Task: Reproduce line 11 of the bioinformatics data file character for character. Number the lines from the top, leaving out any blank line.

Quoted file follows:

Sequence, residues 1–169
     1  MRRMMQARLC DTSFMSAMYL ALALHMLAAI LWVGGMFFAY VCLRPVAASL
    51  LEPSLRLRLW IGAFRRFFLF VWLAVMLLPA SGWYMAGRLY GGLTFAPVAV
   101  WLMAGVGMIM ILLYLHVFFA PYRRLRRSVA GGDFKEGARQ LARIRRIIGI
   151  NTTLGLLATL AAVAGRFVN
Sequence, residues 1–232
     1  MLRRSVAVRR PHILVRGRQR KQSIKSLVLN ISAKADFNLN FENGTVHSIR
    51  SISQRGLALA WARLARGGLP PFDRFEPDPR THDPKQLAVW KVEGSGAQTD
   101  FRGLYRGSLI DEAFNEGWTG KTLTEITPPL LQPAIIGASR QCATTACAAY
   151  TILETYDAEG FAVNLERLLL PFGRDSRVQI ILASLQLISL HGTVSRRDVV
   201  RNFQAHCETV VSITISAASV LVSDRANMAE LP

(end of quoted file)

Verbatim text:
   201  RNFQAHCETV VSITISAASV LVSDRANMAE LP